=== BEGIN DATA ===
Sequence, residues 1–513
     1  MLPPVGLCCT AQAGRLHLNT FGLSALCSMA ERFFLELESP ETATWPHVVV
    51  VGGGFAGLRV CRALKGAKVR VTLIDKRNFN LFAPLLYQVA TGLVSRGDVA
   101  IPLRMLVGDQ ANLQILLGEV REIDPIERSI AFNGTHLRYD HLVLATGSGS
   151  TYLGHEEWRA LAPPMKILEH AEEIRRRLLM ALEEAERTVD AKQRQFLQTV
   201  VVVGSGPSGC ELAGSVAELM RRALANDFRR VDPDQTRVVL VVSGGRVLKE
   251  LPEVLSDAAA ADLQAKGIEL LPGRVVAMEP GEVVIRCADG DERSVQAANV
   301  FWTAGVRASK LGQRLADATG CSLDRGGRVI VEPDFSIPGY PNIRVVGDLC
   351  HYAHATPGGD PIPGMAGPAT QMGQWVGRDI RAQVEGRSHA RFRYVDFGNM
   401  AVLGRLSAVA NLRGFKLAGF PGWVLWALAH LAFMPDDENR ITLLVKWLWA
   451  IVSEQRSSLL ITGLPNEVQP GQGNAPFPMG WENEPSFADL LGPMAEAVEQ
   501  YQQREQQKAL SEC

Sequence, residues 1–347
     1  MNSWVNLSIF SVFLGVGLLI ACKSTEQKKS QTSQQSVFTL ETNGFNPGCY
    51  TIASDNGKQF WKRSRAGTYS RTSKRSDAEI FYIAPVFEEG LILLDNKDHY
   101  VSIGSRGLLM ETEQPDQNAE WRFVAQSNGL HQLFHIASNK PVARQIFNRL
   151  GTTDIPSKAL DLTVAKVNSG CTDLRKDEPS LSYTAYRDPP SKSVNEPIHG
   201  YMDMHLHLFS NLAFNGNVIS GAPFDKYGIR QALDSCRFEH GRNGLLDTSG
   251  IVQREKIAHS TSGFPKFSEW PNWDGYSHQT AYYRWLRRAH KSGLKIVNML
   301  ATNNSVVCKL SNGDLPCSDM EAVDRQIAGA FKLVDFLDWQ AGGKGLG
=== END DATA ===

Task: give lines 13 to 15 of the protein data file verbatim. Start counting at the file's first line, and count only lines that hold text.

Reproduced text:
Sequence, residues 1–347
     1  MNSWVNLSIF SVFLGVGLLI ACKSTEQKKS QTSQQSVFTL ETNGFNPGCY
    51  TIASDNGKQF WKRSRAGTYS RTSKRSDAEI FYIAPVFEEG LILLDNKDHY